"Open" approach to aortic arch aneurysm repair

Adil H. Al Kindi*, Nasser Al Kimyani, Tarek Alameddine, Qasim Al Abri, Baskaran Balan, Hilal Al Sabti

*Corresponding author for this work

Research output: Contribution to journalReview article

4 Citations (Scopus)

Abstract

Aortic arch aneurysm is a relatively rare entity in cardiac surgery. Repair of such aneurysms, either in isolation or combined with other cardiac procedures, remains a challenging task. The need to produce a relatively bloodless surgical field with circulatory arrest, while at the same time protecting the brain, is the hallmark of this challenge. However, a clear understanding of the topic allows a better and less morbid approach to such a complex surgery. Literature has shown the advantage of selective cerebral perfusion techniques in comparison with only circulatory arrest. Ability to perfuse the brain has allowed circulatory arrest temperatures at moderate hypothermia without the need for deep hypothermia. Even though cannulation site selection appears to be a minor issue, literature has shown that the subclavian/axillary route has the best outcomes and that femoral cannulation should only be reserved for no access patients. Although different techniques for arch anastomosis have been described, we routinely perform the distal first technique as we find it to be less cumbersome and easiest to reproduce. In this review our aim is to outline a systematic approach to aortic arch surgery. Starting with indications for intervention and proceeding with approaches on site of cannulation, approaches to brain protection with hypothermia and selective cerebral perfusion and finally surgical steps in performing the distal and arch vessels anastomosis.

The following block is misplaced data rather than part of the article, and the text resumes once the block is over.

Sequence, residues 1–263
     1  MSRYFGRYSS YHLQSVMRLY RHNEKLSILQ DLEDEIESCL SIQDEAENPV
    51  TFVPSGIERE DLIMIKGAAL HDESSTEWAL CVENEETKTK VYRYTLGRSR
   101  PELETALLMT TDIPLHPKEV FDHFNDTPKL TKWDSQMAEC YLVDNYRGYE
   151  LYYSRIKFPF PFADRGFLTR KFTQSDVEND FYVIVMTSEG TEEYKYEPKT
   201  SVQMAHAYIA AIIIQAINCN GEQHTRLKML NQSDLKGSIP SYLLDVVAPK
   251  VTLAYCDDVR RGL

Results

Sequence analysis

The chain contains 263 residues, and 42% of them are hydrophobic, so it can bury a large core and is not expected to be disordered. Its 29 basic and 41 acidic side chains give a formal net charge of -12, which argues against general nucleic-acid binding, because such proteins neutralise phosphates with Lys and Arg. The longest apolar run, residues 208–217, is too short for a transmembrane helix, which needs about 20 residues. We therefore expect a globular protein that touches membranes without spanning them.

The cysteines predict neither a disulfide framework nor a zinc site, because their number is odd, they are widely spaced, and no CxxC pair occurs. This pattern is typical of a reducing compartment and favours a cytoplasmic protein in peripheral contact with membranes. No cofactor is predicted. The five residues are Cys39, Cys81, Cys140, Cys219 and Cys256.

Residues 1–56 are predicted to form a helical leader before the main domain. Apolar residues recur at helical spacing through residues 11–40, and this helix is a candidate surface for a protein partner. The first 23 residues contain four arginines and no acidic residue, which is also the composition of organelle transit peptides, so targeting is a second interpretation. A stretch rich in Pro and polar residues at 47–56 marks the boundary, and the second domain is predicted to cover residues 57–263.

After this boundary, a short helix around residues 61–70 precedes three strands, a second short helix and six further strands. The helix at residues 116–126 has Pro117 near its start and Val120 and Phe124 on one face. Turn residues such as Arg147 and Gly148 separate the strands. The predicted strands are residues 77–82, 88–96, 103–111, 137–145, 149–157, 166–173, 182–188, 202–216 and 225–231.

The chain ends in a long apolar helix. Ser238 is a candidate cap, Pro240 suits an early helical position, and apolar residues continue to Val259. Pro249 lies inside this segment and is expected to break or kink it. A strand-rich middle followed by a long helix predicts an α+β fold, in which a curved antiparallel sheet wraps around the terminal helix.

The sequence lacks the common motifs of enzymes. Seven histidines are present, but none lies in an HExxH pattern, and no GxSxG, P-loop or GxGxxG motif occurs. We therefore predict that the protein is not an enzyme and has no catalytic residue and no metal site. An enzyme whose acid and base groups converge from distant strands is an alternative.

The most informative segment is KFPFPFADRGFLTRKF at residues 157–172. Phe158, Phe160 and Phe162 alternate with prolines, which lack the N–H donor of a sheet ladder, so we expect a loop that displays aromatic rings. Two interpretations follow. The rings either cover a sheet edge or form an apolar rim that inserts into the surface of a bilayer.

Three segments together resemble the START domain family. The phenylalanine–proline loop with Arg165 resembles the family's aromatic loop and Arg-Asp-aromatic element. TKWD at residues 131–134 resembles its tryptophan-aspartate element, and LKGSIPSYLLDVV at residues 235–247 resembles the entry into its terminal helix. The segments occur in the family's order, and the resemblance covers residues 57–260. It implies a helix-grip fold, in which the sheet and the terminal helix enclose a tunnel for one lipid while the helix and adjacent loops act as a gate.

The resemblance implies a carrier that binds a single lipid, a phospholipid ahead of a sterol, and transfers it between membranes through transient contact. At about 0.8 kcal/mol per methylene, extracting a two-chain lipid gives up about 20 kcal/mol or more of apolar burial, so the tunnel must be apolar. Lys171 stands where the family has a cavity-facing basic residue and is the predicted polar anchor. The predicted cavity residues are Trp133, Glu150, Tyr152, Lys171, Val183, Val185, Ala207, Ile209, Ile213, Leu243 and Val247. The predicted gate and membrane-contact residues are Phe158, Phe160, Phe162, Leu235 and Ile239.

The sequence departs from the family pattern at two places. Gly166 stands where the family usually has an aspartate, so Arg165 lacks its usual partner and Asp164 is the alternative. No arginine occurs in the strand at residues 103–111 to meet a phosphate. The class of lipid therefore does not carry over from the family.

Original languageEnglish
Pages (from-to)152-161
Number of pages10
JournalJournal of the Saudi Heart Association
Volume26
Issue number3
DOIs
Publication statusPublished - 2014

Keywords

  • Aortic arch aneurysm
  • Distal first anastomosis
  • Hypothermic circulatory arrest
  • Open repair
  • Selective cerebral perfusion

ASJC Scopus subject areas

  • Cardiology and Cardiovascular Medicine

Fingerprint Dive into the research topics of '"Open" approach to aortic arch aneurysm repair'. Together they form a unique fingerprint.

Cite this